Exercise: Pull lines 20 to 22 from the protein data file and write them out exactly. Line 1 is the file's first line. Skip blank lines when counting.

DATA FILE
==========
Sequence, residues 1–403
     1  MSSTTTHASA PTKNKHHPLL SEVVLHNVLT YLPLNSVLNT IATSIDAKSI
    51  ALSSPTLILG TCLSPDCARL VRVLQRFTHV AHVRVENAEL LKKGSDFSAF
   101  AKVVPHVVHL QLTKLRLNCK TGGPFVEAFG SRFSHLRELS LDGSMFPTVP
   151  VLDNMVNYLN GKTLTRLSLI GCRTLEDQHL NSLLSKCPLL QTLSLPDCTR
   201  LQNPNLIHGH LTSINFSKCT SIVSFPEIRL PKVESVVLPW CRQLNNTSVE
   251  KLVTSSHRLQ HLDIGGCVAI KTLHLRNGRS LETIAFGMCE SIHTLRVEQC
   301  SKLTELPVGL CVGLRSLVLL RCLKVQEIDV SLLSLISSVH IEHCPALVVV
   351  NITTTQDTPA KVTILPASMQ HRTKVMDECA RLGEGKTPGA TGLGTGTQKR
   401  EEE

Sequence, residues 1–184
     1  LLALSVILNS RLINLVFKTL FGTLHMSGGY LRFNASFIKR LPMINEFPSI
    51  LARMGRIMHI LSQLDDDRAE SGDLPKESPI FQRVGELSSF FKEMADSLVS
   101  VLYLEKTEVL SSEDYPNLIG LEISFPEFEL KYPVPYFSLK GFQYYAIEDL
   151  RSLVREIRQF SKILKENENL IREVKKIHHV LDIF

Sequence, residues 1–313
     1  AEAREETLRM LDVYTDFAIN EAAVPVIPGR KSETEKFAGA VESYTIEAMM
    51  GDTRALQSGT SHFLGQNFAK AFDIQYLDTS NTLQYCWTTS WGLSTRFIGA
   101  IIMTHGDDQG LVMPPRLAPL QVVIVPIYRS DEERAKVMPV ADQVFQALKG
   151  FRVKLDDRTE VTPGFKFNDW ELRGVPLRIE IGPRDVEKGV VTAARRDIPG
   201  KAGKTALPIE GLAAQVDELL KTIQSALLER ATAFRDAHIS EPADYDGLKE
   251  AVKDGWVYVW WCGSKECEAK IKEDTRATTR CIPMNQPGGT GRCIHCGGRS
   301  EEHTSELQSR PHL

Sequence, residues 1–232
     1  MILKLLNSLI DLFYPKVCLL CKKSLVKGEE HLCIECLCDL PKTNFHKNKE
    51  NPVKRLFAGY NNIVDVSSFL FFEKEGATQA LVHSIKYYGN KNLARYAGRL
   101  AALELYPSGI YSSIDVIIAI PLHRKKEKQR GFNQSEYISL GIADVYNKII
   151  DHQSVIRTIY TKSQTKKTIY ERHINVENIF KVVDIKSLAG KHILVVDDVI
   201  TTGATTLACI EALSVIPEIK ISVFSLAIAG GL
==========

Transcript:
   151  FRVKLDDRTE VTPGFKFNDW ELRGVPLRIE IGPRDVEKGV VTAARRDIPG
   201  KAGKTALPIE GLAAQVDELL KTIQSALLER ATAFRDAHIS EPADYDGLKE
   251  AVKDGWVYVW WCGSKECEAK IKEDTRATTR CIPMNQPGGT GRCIHCGGRS